Miss Jane by Brad Watson is a surprising, exquisite book. Its subject (a woman born with a genital birth defect in rural Mississippi in the early 20th century) wasn’t initially appealing to me. But boy can this man write. He quietly tells Jane Chisolm’s story (based on that of his own great aunt), describes her family and their hardscrabble life on the farm, and lets us know the country doctor who befriends her in a way that moved me deeply. This is a book that stays with you. Two notes: as one who’s always been a sucker for cowboys, the author photo is a bonus. And the section about oysters is priceless.
Irish author Maggie O’Farrell’s This Must Be the Place is a big, rich, exuberant story about a French-English reclusive former movie star and a complicated New Yorker (who’s Irish but seems sorta Jewish) and their children together and apart and joys and tragedies and more (stuttering, eczema, alcoholism, anorexia,.this book is chock-full). It’s told from multiple points of view and moves from London to rural Ireland to Brooklyn and for all kinds of reasons it shouldn’t work but, in fact, it does and left me feeling very satisfied in a way few contemporary novels do.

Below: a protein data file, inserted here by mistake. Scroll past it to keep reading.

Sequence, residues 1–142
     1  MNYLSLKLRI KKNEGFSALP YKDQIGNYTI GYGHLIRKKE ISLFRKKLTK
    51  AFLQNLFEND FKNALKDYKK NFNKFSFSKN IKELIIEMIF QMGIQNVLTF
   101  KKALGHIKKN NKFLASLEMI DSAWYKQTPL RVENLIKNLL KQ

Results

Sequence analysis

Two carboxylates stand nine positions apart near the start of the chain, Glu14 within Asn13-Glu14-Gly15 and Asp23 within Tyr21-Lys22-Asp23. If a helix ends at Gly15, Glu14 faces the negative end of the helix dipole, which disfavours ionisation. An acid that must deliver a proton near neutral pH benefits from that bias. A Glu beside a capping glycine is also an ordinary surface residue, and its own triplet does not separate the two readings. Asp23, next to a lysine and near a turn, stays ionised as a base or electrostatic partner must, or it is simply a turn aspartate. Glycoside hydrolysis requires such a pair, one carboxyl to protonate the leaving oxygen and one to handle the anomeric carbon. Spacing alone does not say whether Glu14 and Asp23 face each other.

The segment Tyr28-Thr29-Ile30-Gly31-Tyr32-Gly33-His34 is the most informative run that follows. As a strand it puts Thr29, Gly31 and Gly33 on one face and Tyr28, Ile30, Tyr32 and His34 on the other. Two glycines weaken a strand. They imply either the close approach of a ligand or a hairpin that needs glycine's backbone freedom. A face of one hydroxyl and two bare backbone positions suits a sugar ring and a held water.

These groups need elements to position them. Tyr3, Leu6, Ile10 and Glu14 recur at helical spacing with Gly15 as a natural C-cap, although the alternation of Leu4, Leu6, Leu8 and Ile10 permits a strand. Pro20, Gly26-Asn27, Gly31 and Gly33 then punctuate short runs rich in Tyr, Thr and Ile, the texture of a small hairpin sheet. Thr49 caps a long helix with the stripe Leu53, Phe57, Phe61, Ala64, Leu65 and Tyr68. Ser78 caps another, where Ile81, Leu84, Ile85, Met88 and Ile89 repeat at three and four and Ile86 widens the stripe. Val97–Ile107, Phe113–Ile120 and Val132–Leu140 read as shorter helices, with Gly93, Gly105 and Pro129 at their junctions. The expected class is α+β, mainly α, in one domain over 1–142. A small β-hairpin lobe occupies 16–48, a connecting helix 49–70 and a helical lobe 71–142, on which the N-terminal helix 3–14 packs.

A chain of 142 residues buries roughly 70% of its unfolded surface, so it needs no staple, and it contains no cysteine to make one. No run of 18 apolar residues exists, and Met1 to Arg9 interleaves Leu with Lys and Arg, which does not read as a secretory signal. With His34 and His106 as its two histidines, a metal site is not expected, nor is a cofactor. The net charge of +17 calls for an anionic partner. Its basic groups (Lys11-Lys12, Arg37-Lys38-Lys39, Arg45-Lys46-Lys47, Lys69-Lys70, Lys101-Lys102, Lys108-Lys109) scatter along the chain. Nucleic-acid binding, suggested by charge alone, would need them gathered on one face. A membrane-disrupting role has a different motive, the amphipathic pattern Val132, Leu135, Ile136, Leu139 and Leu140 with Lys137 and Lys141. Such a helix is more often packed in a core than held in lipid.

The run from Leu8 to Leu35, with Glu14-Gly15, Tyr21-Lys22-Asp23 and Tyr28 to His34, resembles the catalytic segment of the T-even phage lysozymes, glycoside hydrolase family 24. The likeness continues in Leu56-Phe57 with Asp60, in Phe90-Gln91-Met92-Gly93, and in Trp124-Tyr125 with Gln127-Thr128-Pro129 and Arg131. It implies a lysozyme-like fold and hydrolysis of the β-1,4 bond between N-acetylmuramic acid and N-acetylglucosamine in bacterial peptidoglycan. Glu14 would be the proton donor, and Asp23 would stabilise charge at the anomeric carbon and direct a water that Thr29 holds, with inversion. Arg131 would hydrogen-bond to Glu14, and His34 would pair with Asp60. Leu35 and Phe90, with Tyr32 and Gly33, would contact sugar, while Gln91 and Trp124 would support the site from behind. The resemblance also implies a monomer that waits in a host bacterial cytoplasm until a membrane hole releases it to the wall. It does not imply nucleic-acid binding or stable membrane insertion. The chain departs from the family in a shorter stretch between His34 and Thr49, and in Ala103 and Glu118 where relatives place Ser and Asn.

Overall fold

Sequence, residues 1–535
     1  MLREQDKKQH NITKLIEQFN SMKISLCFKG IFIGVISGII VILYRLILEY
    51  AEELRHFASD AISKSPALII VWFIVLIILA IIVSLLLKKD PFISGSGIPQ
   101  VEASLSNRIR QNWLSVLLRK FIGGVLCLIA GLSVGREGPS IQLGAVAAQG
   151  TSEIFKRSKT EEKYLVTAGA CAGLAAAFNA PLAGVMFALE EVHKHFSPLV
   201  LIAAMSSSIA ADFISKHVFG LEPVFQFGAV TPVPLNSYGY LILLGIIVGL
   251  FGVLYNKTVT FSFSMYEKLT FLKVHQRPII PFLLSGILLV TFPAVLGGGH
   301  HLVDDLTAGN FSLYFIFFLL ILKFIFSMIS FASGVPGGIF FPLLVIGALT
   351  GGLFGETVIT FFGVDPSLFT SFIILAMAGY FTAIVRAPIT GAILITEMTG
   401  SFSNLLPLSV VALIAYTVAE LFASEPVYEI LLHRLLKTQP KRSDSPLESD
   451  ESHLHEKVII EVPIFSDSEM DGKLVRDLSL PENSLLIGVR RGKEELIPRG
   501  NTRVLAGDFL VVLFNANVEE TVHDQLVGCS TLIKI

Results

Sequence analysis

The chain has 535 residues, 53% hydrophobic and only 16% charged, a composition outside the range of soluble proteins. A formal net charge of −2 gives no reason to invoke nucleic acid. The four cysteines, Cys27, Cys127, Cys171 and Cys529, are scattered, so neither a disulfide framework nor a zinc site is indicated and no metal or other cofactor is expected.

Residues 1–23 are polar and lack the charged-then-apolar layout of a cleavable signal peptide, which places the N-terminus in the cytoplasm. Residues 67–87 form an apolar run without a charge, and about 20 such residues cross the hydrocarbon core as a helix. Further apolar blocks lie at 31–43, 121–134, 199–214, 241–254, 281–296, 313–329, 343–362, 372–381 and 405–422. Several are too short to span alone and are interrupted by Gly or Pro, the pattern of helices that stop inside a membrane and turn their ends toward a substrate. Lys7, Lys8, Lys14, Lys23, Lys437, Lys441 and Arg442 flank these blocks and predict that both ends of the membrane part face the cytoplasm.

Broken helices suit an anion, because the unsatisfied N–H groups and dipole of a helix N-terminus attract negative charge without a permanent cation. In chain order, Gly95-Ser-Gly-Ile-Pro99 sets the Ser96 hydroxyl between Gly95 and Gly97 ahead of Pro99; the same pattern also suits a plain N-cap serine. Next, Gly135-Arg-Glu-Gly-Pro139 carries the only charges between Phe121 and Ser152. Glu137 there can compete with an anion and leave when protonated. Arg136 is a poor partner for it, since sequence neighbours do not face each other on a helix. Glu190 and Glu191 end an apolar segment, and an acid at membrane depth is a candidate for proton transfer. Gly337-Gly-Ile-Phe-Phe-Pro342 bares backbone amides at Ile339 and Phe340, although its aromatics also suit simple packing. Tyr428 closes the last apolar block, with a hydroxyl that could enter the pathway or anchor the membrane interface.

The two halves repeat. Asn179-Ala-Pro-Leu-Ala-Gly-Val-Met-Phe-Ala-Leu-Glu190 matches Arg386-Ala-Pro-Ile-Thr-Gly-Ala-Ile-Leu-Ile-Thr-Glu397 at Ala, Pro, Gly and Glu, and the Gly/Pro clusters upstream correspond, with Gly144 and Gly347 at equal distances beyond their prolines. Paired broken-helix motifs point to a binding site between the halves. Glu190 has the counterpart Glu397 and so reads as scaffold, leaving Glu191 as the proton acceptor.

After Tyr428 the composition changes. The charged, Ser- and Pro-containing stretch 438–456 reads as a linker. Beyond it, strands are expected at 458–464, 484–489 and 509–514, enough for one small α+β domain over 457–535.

Pond by Claire Louise Bennett (another Irish writer … I’m on a jag) is a first novel that reads like a memoir. I’m a reader who likes traditional narrative and this is definitely not that, more a stream of consciousness from a young woman living alone in a cottage in rural Ireland. And it’s funny and eccentric and wonderful … in particular I loved the section on why being with men requires drinking (amen!), also ruminations on ottomans and the control knobs on her oven. Plus gardening and cooking. Jynne Martin at Riverhead, one of the jewels of the publishing world, raved about this book and I always listen to Jynne.